L&T Infotech’s valuation estimates were far too high to begin with, necessitating the sharp cut in the issue size.
In an unusual turn of events, L&T Infotech Ltd on Monday withdrew the draft red herring prospectus (DRHP) it filed with the Securities and Exchange Board of India, and filed it afresh on Tuesday. According to investment bankers, this was necessary because the estimated size of the issue has been cut by more than 10%. As it turns out, the estimated size of the issue has been cut by almost 30% to around $200 million, according to news reports.
The Nifty IT index has corrected by around 5% since the time L&T Infotech filed its DRHP the first time in end-September.
Clearly, its valuation estimates were far too high to begin with, necessitating the sharp cut in the issue size.
Parent Larsen and Toubro Ltd (L&T), which currently owns all of the company’s shares, is offering a part of its stake in the issue. The number of shares to be issued will remain the same at 17.5 million. Based on the earlier rumoured issue size of up to Rs.2,000 crore, L&T was expecting a valuation of around 24 times fiscal year 2015 earnings. This has been toned down to around 16-17 times.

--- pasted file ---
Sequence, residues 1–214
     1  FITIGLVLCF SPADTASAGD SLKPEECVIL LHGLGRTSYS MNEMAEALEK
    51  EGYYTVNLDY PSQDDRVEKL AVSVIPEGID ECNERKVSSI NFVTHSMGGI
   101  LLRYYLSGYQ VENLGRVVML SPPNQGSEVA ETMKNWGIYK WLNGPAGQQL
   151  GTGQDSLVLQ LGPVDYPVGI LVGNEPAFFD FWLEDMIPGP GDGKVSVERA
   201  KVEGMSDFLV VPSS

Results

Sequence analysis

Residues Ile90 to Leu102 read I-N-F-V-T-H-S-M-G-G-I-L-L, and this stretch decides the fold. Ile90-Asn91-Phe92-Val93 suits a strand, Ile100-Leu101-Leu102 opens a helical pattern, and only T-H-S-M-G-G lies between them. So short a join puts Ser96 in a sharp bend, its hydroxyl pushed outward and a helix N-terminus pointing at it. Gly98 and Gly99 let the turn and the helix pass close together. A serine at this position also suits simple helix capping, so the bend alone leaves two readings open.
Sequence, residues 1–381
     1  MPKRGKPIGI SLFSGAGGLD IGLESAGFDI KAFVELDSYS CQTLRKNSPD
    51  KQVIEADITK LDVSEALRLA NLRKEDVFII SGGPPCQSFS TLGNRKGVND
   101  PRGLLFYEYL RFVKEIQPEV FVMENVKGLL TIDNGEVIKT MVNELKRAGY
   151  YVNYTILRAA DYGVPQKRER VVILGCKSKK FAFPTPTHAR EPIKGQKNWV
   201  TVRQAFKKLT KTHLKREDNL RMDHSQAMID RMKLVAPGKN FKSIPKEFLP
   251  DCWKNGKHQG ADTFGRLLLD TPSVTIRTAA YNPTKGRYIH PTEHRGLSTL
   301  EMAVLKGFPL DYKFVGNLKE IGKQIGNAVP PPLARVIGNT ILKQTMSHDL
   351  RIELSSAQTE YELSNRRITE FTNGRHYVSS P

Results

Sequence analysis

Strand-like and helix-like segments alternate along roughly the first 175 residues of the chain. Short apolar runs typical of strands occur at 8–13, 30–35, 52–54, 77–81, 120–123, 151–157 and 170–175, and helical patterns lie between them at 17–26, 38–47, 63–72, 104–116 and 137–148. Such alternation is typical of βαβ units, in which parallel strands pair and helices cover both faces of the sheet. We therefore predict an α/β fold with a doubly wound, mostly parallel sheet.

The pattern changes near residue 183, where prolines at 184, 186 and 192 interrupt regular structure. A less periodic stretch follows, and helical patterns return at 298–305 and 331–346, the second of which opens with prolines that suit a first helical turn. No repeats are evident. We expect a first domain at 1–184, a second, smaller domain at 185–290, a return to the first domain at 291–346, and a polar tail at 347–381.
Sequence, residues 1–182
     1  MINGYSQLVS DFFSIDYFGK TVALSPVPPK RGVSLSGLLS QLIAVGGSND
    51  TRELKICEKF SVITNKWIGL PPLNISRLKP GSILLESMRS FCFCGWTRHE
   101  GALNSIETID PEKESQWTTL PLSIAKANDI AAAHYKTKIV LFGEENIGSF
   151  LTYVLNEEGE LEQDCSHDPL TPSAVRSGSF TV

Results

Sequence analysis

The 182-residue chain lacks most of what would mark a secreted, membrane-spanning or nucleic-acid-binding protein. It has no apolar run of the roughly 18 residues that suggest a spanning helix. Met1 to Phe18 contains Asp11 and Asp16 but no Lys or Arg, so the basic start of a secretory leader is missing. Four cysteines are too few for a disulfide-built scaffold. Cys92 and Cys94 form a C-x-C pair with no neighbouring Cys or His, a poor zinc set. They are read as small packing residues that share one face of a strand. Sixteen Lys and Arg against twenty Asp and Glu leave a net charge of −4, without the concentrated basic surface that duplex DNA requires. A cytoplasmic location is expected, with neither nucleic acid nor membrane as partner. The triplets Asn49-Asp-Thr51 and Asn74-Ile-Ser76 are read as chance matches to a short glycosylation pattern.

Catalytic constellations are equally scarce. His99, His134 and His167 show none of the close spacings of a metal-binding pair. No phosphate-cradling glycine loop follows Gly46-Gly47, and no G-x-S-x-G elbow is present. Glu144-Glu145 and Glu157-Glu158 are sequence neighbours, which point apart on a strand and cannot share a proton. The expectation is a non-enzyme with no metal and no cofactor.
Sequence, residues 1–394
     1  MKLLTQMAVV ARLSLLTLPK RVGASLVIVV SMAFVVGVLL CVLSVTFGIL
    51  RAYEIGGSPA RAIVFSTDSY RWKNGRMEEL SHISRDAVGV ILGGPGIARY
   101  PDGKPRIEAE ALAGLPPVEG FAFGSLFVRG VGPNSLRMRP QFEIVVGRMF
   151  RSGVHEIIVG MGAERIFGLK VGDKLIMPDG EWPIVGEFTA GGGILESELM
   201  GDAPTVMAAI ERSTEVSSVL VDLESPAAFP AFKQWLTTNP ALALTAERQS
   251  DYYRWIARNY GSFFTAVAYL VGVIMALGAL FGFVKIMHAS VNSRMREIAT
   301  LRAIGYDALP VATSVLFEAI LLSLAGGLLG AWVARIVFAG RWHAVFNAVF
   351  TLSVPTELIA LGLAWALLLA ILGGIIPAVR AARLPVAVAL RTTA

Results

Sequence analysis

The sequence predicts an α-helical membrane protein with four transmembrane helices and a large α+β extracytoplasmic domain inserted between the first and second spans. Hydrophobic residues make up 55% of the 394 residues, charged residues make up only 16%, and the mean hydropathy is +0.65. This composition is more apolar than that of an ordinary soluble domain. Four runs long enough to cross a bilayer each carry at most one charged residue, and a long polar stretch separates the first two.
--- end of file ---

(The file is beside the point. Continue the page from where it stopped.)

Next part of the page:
Large-sized IT services companies such as Tata Consultancy Services Ltd and Infosys Ltd trade well above 20 times FY15 earnings, and so is the case with some smaller-sized firms such as Mindtree Ltd and Hexaware Technologies Ltd. But these firms have grown at faster rates.
Mindtree has grown revenues at an annual average growth rate of 23% in the three years till FY15, while growth at Hexaware has stood at 21.2%. L&T Infotech’s growth was lower at 16.1% during the same period.
Operating profit margins are comparable with Mindtree at around 20%, although they are ahead of Hexaware. However, free cash flow generation is lower at L&T Infotech at around 9% of revenue. For the other two firms, free cash flow generation as a proportion of revenue was in double-digits.
Besides, like most other mid-sized firms, L&T Infotech carries greater risks such as high client concentration. Its two largest customers, Citibank and Chevron, account for 21% of revenue.
Against this backdrop, L&T was clearly aiming too high by demanding valuations of around 24 times trailing earnings earlier. The fact that it has toned down expectations sharply should help the issue sail through.